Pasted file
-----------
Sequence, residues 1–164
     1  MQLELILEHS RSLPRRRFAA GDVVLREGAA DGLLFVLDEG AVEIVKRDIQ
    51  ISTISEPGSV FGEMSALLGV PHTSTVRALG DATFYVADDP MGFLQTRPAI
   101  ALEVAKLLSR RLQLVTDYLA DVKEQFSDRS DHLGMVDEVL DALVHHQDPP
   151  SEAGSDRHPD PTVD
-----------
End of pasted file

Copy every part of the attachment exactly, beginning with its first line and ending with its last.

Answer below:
Sequence, residues 1–164
     1  MQLELILEHS RSLPRRRFAA GDVVLREGAA DGLLFVLDEG AVEIVKRDIQ
    51  ISTISEPGSV FGEMSALLGV PHTSTVRALG DATFYVADDP MGFLQTRPAI
   101  ALEVAKLLSR RLQLVTDYLA DVKEQFSDRS DHLGMVDEVL DALVHHQDPP
   151  SEAGSDRHPD PTVD